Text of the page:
A recent New York Times editorial (February 12) claims that Vladimir Putin stifled Russia’s free press. That’s not the first time this accusation has been leveled. Last year, the International Herald Tribune ran the headline, “Kasparov: Putin killed Russia free press.” The Toronto Star wrote, “Free press under siege in Russia.” Right on theme, Reporters Without Borders earlier proclaimed, “...independent press has all but disappeared in Russia.”
What’s the hoax here? It’s the idea that there was actually a free press to stifle or kill. In reality, there was none.
Right from the start of the Russian Federation, the Yeltsin administration nipped press freedom in the bud. It imposed laws that gave media companies little hope of operating profitably. And without profitability, the press had no way of achieving independence. Instead, the media companies became dependent, not free, and most remain so today.
Where does the money come from to operate unprofitable media companies? It comes from governors, mayors, and other public officials, as well as from business tycoons and state owned industrial enterprises. They aren’t just wackos intent on throwing their money down the drain. They’re getting something in return. It’s the ability to color the news in their own favor. As a result, the Russian media is awash in puff pieces paid for by the financial backers and attack pieces aimed at their political or business rivals.
The media outlets that are doing this aren’t free to serve their consumers. They are subservient to their financial backers. These media outlets are indentured, not free. It is true that in the course of this decade, the Kremlin itself has unwisely come to control more media outlets than before. But, they were not media outlets that were previously free.
Adding to the free press hoax is the sub-plot about murdered journalists. It is encapsulated in the Der Spiegel headline, “Russian journalist murdered: Is Russia's Press Freedom Dead?” What was the connection between journalist Anna Politkovskaya and the state of press freedom? Trudy Rubin, writing for the Philadelphia Inquirer, explains the allegation: “She’s the 13th Russian journalist killed in a contract-style murder since Russian President Vladimir Putin took office in 2000… This vicious killing is a reminder of how far Russia has swerved back toward authoritarianism under Putin.”
The prevalent theme is that there have been unprecedented murders of journalists since Putin came to power. But, like the claim that Putin stifled a free press, this allegation is not supported by the facts, either. According to the Committee to Protect Journalists, 15 journalists were murdered during the period of Putin’s presidency. What the “murdered journalist” stories fail to report is that in the previous 8-year period, there were 31 murders! In other words, under Putin, the number of journalists killed was more than cut in half.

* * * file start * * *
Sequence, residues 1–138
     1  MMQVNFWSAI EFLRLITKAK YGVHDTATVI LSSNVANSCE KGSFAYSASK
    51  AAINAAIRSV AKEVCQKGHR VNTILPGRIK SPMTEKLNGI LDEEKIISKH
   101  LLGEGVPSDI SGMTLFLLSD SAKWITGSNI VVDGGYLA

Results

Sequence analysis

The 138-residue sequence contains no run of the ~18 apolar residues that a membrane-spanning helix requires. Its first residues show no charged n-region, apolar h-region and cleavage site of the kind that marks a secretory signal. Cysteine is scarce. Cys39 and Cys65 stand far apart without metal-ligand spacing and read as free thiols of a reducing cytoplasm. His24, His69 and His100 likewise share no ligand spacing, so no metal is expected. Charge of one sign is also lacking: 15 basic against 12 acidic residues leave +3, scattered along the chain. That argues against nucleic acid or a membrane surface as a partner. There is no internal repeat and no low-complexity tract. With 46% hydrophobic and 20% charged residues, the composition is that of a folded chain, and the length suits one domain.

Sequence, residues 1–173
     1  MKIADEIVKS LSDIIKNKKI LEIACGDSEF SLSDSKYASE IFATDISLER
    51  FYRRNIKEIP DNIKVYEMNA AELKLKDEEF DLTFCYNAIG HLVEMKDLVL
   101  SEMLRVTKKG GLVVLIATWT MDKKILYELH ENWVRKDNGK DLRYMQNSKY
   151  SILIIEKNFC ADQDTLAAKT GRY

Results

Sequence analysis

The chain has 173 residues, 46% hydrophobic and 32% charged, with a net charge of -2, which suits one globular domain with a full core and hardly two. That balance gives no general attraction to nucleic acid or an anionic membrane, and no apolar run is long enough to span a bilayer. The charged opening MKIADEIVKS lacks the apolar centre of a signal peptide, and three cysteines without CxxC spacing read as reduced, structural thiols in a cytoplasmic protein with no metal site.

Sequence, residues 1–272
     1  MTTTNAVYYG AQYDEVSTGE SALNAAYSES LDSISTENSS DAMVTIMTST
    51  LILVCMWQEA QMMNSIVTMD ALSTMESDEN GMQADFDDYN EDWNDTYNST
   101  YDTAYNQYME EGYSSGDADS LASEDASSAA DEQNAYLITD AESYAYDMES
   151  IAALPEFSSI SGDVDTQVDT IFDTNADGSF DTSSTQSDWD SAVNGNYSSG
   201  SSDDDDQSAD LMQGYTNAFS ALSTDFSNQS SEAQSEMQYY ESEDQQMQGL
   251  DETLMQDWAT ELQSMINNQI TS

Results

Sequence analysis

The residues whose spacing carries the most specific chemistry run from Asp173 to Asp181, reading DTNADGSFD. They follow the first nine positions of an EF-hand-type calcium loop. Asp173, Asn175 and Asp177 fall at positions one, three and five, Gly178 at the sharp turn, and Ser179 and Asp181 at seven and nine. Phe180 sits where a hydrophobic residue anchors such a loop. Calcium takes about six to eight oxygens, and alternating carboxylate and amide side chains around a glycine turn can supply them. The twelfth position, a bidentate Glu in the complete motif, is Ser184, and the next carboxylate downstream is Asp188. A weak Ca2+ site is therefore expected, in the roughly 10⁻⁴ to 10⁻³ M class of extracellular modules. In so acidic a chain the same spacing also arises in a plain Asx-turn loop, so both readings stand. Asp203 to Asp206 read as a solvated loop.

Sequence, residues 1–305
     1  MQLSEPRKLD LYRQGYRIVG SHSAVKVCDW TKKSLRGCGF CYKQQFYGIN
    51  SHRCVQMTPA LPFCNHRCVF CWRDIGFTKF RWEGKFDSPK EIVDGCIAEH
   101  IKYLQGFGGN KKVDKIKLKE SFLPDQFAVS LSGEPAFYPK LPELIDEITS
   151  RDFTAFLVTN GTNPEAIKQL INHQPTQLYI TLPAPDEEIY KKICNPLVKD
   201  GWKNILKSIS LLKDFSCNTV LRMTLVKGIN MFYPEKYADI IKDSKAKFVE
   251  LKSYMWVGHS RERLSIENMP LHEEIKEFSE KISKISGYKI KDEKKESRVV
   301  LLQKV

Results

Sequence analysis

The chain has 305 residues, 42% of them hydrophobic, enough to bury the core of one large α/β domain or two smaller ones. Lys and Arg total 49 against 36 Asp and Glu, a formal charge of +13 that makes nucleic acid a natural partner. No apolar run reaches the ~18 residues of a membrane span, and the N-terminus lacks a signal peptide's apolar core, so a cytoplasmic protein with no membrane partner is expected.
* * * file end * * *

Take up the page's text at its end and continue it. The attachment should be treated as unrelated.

Why are these factually unsupported stories, half-truths and all, continually popping up in the Western media? Is this an intentional hoax? If it’s not, how can so many news outlets be so consistently wrong?
One factor to consider is the apathy of journalists who have insufficient knowledge of Russia to cover it authoritatively. Many of them realize their audience cares little about Russia, as attested to in reader surveys. Therefore, they may be willing to run with a story without really checking it out.
But where are the fact-deficit stories coming from in the first place? That is a topic that I investigated in the case of Alexander Litvinenko. He was the reputed former spy who died in London of polonium poisoning. The organizers of the World Congress of the International Federation of Journalists commissioned me to study the media coverage of Litvinenko’s poisoning. An abridged copy of the report I presented to the Congress meeting in Moscow can be seen at: www.russiaprofile.org/page.php?pageid=Politics&articleid=a1180613251.
What I found is that much of the Western news coverage of Litvinenko was not factually based. The fanciful version of events contained in most Western reports was apparently the product of a business tycoon who had fled Russia to avoid criminal prosecution. He engaged a well-known London PR agent to manage the propagation of the story, including the distribution of a hospital-bed photo of Litvinenko that was carried by news outlets worldwide.
Amid all this misinformation associated with the matter of Russia’s purported free press, there is a moral to the story. The take-away point is that the next time you see a news report of a crackdown on Russia’s free press, you’ll know to look elsewhere for factual and balanced reportage. (New York Times, take note.)